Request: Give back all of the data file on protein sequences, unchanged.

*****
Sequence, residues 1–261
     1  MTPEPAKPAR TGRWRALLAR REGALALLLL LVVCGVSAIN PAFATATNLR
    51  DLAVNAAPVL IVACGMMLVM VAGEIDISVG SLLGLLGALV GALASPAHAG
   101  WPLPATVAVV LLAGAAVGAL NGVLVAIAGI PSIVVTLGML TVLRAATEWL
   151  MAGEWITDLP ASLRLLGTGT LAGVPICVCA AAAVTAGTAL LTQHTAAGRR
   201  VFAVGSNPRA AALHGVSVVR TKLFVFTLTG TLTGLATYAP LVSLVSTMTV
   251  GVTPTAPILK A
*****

Sequence, residues 1–261
     1  MTPEPAKPAR TGRWRALLAR REGALALLLL LVVCGVSAIN PAFATATNLR
    51  DLAVNAAPVL IVACGMMLVM VAGEIDISVG SLLGLLGALV GALASPAHAG
   101  WPLPATVAVV LLAGAAVGAL NGVLVAIAGI PSIVVTLGML TVLRAATEWL
   151  MAGEWITDLP ASLRLLGTGT LAGVPICVCA AAAVTAGTAL LTQHTAAGRR
   201  VFAVGSNPRA AALHGVSVVR TKLFVFTLTG TLTGLATYAP LVSLVSTMTV
   251  GVTPTAPILK A